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NEA money flows toward some unexpected Utah arts organizations

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(Photo illustration by Francisco Kjolseth | The Salt Lake Tribune) Once-beleaguered National Endowment for the Arts continues to sustain Utah arts organizations, but few know what federal-government budget disputes may hold.

By ben Fulton

The Salt Lake Tribune

First published Mar 16 2013 01:01AM
Updated Mar 22, 2013 11:42AM

Two years after Melanie R. Thon received a National Endowment for the Arts grant for a creative writing fellowship, she wrote the federal agency a long love letter.

The University of Utah English professor said the NEA money, which allowed her time off her academic schedule for trips to Montana, was key to finishing her novel, The Voice of the River.

"I might have been able to describe a river without doing the research, but it was a gift to see, to be with this river, to be confident my details of the search were accurate," Thon wrote. "Your gift is expansive, and though the period of financial aid had ended, I will be reaping the benefits for many years to come."

Thon’s 2011 novel won San Francisco State University’s Gina Berriault Award and been published in excerpts across 19 literary journals. She also took her book on tour for five readings outside of Utah.

Total cost to the nation’s taxpayers: $25,000.

Budget-cutters in the nation’s Capitol would scoff. Arts fans would no doubt cheer. Either way, Thon’s grant is a drop in the stream of NEA grants to artists and art organizations nationwide. From 2008-2012 the NEA awarded Utah arts organizations and a select few individual grant recipients, a total of $7,121,500.

In 2012, the federal agency’s had a $146 million annual budget—taken from more than $3.5 trillion in spending requested by both the Obama administration and the Republican-controlled Congress that year. Utah’s portion amounted to $1.2 million.

Utah’s five-year record of NEA grants contains details that may surprise. The Sundance Institute, for one, along with the Institute’s Theatre Program come out big winners on a regular basis, including a 2013 grant of $75,000 for the Institute’s Children’s Theatre. Over the five-year period 2008-2012 the Sundance Institute received $705,000, according to the NEA’s online records. The Sundance Institute Theatre Program did well, too, receiving $235,000 over the same time period.

In fact, of all arts categories in Utah that received grants from the federal agency, none is more favored than "media arts" — an art form in which the Sundance Institute excels.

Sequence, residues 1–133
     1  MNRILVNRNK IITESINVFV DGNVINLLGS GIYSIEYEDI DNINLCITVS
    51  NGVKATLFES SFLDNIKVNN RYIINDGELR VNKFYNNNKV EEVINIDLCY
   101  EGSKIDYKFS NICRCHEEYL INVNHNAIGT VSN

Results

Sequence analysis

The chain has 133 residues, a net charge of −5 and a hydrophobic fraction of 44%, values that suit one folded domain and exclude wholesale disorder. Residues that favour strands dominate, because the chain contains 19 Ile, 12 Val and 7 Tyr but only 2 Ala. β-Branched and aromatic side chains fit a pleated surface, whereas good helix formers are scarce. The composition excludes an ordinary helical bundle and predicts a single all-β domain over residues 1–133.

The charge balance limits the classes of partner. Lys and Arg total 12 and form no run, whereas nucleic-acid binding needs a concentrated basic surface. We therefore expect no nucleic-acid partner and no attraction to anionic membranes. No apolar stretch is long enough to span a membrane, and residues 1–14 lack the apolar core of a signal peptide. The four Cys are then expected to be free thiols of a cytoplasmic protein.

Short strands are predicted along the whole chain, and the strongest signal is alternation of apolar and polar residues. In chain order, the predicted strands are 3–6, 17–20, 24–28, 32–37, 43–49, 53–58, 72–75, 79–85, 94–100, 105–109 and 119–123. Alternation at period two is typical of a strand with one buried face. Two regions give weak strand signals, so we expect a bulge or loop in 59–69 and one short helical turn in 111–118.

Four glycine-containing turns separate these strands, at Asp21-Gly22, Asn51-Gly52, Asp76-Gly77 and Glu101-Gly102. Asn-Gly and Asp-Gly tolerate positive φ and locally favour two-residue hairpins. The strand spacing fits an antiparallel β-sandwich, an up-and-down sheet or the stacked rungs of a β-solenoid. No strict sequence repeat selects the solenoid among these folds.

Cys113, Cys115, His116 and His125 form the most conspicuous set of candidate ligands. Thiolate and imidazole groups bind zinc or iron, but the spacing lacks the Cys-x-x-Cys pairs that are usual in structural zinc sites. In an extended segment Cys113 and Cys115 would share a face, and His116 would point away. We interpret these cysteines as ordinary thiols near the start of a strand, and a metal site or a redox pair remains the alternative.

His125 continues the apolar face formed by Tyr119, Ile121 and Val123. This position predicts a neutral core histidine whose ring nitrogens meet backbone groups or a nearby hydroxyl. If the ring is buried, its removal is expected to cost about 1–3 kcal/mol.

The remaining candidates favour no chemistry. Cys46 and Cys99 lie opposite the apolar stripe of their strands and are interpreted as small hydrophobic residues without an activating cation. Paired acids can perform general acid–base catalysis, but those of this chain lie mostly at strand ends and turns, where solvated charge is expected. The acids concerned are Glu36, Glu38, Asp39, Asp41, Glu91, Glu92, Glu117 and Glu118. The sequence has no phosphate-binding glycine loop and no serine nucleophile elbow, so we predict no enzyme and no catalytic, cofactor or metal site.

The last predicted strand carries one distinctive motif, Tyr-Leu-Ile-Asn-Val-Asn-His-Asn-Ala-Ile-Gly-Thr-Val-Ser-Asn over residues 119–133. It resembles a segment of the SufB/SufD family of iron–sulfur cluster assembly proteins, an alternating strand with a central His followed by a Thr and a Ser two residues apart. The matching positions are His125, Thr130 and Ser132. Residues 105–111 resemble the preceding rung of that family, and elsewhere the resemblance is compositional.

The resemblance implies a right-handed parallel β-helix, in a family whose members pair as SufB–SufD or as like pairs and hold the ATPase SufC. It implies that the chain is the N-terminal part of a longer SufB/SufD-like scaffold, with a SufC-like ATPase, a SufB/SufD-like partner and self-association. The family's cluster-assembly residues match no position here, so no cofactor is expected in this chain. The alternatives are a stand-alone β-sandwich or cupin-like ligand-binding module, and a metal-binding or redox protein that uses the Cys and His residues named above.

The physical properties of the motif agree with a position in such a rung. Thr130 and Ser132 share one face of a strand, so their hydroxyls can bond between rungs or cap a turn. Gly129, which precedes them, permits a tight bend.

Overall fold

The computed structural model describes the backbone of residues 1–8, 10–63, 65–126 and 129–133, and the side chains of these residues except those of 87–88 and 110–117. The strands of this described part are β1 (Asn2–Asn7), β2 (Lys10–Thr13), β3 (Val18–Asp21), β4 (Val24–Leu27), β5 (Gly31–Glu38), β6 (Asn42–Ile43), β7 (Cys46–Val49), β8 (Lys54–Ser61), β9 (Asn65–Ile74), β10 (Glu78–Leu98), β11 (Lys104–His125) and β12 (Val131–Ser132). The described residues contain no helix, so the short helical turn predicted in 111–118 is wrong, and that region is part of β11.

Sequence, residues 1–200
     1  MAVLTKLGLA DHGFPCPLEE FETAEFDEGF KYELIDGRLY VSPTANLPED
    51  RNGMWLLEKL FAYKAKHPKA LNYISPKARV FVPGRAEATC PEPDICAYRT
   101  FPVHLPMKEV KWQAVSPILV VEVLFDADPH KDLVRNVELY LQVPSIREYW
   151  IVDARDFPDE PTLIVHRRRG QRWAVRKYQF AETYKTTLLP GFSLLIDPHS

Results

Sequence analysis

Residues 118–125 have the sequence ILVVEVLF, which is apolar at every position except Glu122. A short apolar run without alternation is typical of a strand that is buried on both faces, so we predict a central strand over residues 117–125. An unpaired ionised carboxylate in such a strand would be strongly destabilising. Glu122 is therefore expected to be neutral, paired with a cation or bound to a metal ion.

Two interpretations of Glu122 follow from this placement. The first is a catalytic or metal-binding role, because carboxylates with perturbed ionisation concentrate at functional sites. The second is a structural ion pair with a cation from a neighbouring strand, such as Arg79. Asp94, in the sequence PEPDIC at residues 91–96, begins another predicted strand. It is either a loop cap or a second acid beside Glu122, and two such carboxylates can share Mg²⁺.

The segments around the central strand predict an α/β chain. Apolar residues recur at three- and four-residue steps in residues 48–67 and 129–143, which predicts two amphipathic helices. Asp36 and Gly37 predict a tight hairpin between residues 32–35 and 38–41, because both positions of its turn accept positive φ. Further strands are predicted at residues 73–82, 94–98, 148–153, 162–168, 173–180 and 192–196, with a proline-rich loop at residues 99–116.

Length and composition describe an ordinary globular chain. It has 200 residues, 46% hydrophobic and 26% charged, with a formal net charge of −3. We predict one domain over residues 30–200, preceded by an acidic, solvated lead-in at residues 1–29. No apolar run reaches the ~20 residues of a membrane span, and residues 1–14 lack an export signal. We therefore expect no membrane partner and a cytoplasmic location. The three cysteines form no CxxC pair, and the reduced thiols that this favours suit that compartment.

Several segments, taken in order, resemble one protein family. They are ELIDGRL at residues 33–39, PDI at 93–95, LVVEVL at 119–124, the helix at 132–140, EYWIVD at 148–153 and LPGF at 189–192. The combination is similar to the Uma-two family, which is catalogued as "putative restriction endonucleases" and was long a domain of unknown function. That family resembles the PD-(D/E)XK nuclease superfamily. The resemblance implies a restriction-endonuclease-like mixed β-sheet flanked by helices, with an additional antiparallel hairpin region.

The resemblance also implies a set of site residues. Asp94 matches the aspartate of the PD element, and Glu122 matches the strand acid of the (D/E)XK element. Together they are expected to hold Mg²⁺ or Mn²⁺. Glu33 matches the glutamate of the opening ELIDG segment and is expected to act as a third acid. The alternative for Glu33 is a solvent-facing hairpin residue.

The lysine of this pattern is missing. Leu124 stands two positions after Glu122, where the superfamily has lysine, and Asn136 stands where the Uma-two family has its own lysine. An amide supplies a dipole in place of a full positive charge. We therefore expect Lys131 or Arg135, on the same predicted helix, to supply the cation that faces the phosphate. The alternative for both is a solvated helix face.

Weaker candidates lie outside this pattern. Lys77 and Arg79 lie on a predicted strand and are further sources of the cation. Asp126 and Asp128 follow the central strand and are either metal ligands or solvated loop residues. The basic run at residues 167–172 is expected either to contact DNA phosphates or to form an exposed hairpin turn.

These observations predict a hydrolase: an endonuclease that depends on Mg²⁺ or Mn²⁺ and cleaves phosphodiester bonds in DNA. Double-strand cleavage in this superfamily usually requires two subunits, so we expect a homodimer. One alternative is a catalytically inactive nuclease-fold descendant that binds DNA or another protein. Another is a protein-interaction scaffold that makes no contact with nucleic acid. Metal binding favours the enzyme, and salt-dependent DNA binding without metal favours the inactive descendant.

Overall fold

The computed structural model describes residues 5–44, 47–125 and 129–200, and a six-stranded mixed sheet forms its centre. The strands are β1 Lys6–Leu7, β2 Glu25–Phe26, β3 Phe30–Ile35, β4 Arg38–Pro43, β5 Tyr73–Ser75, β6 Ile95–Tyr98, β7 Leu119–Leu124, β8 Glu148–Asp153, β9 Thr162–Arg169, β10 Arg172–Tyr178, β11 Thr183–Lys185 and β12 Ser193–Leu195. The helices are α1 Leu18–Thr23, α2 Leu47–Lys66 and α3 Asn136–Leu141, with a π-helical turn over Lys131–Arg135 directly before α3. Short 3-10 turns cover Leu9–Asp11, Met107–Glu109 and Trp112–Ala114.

"We are grateful to the National Endowment for the Arts for their continued support of three core programs of Sundance Institute: the Feature Film Program, the Theatre Program and Film Forward," the Institute said through a statement issued by Elizabeth Latenser, manager of media relations for the Institute. "Among the Utah-based initiatives hosted by these programs are nearly a dozen labs offering creative support to artists."

Other top receivers include the University of Utah, which received $333,000 on behalf of several organizations and programs during those five years. Spy Hop Productions, Inc. and Bad Dog Rediscovers America, which instruct youth in media arts and visual arts, respectively, received $216,000 and $135,000 each over the same time period.

National battles • Utah acquits itself well compared to neighboring states in the agency’s "Western States Arts Federation," based in Denver. Compared to Utah’s $1.2 million allotment last year Colorado collected $1.3 million, as did New Mexico. Arizona took in $1.4 million, Idaho $936,700 and Nevada $786,700.

Some might say such copious thanks is due a federal agency that’s taken more than its share of battle scars since its 1965 founding. When not threatened with elimination outright, as it was during the so-called "culture wars" of the mid-1990s and again most recently with the rise of the Tea Party and 2006’s incoming Congress, the NEA has suffered cuts to funding. In 1996 the agency saw its annual budget cut by 40 percent. It’s never quite recovered.

The agency has seen favorable political climes of a sort, though. Thanks to the Obama administration’s American Recovery and Reinvestment Act of 2009, the NEA showered arts organizations nationwide with $50 million in one-time assistance to the arts. Utah arts organizations received $426,000 of that, or less than 0.03 percent of all stimulus money the state received that year.

Victoria Hutter, assistant director of public affairs at the agency, said the recent sequester on government spending enabled by President Obama and Congress’ inability to negotiate a solution means NEA grants and administrative costs will both see cuts of 5 percent as a result. Beyond that, and also beyond the March 27 deadline for a continuing resolution on federal spending, no one knows what the future holds for federal spending on the arts.

"Many of us here are just as confused as everyone else," Hutter said.

Less confusing is the extensive process by which the agency reviews grant applicants, of which approximately half the NEA funds or, as it says, "supports." Hutter said the number of grants funded per state is not indicative of the vitality and diversity of its arts scene. It may well be indicative of its quality, however.

The agency awards grants based on two criteria, excellence and merit. The first is measured by the quality of a program and the history of the arts organization producing it. The second is based on project’s potential to achieve its goals and impact. Every application is reviewed by a panel of experts convened by the NEA, forwarded to the agency’s National Council on the Arts and, finally, the desk of the chairman for the last stamp of approval.

bfulton@sltrib.com

Twitter:@Artsalt

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